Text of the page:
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him if he does wrong, or runs away.   And it s part of his nature as de-
veloped by the Institution, that he should do wrong.         As to whether
the Slaves are kindly treated, or cruelly used,   its altogether foreign to the
matter.      Of course it is according to the nature of the owner,   there are
St Clairs, and, (I ve no doubt) plenty of Legrees.     The overseers,
(who are not highly spoken of,) do the whipping, or slaves under their control.
The work the slaves have to do, is all appertaining to the cotton plant; in
this part of the country no sugar cane is grown.    It is not hard labour.
They rise early, by daybreak, or before, to the sound of a bell, take their
dinner; perhaps other meals in the fields, and work on to 8 or 9.  The
younger or weaker have tasks apportioned to their strength.    They have
two suits of clothes a year, stout durable ones.    Tobacco is given them,
no spirits, as of course, they ll get drunk if they have it in their power.
The house servants are exempt from field work, better clothed and fed;
they are very attentive.      I never heard any harsh word addressed to a
slave during the whole time I stayed here.   The Southerners say, and
I suppose, justly that Northern born folk living south, behave worse
to their negroes than others.    It can be easily explained this way; they
coming from States where paying for free, hired, labour they always got
the value of it, everything efficiently done; having purchased slaves ex-
pect the same from them, and not making allowance for want of thought
in the darkeys, wax irate and tyrannical.    They may too have felt a
great deal of indistinct sympathy for Slaves at first, but on a little experience
of a trick or so, d  __m the whole race, and ill use them.   Now a true
Southerner, (if educated, a gentleman;) always has consideration, lays down
a large margin of allowance for niggerisms.        I have heard the matter
of Slavery discussed here, in Louisiana, with infinitely more calmness and
common-sense than North.        Indefensible as a Right, it is yet the
best state of things compatible with White and Black.   You can t expect
Page
Title:Thomas Butler Gunn Diaries, Volume Six: page one hundred and eighty-four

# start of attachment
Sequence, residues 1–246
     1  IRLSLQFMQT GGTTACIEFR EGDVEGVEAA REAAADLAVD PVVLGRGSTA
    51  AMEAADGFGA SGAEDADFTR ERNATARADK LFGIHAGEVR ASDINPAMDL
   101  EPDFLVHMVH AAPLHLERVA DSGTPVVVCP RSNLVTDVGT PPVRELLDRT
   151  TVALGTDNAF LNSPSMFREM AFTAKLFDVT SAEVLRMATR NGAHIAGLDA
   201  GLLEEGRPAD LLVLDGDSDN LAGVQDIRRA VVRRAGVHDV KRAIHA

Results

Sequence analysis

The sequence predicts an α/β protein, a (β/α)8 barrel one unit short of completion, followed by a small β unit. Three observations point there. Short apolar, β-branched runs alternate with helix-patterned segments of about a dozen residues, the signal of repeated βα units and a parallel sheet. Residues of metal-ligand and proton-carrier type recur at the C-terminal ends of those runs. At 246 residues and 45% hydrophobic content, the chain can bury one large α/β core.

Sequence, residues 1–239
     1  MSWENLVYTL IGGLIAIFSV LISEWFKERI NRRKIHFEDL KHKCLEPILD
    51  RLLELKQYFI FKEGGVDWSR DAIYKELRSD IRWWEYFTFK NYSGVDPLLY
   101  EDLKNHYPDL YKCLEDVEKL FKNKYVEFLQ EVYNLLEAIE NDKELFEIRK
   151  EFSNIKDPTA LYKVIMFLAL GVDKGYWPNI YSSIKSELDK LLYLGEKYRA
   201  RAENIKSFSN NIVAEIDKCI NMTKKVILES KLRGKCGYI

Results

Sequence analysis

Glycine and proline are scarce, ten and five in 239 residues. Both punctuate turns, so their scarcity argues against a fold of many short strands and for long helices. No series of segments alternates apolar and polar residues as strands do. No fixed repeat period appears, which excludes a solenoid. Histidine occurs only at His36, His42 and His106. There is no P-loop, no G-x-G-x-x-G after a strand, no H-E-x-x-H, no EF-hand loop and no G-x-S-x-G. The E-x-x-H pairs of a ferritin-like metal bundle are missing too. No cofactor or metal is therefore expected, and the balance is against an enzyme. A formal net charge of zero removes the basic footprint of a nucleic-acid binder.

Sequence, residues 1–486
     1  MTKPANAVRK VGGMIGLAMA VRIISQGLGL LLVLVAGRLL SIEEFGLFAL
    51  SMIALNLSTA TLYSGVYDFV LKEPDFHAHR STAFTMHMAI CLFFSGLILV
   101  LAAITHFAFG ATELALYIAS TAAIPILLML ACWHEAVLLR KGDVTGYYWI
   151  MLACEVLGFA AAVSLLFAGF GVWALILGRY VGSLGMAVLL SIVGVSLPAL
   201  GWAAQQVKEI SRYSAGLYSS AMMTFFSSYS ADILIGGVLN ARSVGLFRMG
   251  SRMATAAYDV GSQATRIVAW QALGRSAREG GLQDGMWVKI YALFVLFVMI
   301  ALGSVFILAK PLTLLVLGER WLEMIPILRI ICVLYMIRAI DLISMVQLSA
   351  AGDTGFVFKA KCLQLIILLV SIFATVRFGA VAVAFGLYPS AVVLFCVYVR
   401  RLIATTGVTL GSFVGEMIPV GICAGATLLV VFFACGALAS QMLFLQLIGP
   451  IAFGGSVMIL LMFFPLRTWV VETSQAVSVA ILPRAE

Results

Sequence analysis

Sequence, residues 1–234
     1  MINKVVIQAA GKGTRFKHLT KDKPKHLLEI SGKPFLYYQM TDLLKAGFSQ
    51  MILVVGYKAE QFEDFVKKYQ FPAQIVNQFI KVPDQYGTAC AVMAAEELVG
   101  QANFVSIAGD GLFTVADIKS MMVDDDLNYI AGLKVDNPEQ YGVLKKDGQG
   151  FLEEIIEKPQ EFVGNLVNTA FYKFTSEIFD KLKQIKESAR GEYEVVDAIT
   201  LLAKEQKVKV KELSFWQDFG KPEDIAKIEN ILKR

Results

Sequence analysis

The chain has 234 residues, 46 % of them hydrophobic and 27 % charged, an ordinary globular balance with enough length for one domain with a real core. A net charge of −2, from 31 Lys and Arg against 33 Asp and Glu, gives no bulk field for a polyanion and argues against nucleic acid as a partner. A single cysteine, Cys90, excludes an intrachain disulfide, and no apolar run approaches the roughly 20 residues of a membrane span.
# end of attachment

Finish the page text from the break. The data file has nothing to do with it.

Description:Gives his thoughts on slavery.
Date:1853-11-02
Subject:African Americans; Gunn, Thomas Butler; Slaveholders; Slavery; Slaves; Travel
Coverage (City/State):[Transylvania], Louisiana
Scan Date:2011-02-02

 

Volume
Title:Thomas Butler Gunn Diaries, Volume Six
Description:Includes descriptions of Gunn's writing and drawing work in New York, a visit to the Catskill Mountains, attending the wedding of his friend Charles Damoreau (Brown), a visit to the Crystal Palace in New York, his friend Lotty's difficult marriage to John Whytal, a sailing trip around Lake Superior, a visit to Mackinac Island in Michigan, a visit to Mammoth Cave in Kentucky, and a journey by horseback from Kentucky to Louisiana with friends.
Subject:African Americans; Gunn, Thomas Butler; Marriage; Native Americans; Publishers and publishing; Slavery; Travel; Women
Coverage (City/State):New York, New York; Michigan; Wisconsin; Ohio; Kentucky; Mississippi; Alabama; Louisiana
Note:Thomas Butler Gunn was born February 15, 1826, in Banbury, England, and came to New York in 1849. During the Civil War he worked as a correspondent for the New York Tribune and the New York Evening Post. He returned to England in 1863, and died in Birmingham in April 1903. The collection includes twenty-one volumes of his diaries, including newspaper clippings, letters, photographs, sketches, and various other items inserted by Gunn. Diary entries date from July 7, 1849, to April 7, 1863, and include his experiences with the New York publishing and literary world, his descriptions of boarding houses, his travels throughout the United States, and his experiences traveling with the Federal army as a Civil War correspondent.
Publisher:Missouri History Museum
Rights:Copyright 2011 Missouri History Museum.
Source:Page images, transcriptions, and metadata of the Thomas Butler Gunn diaries have been provided by the Missouri History Museum.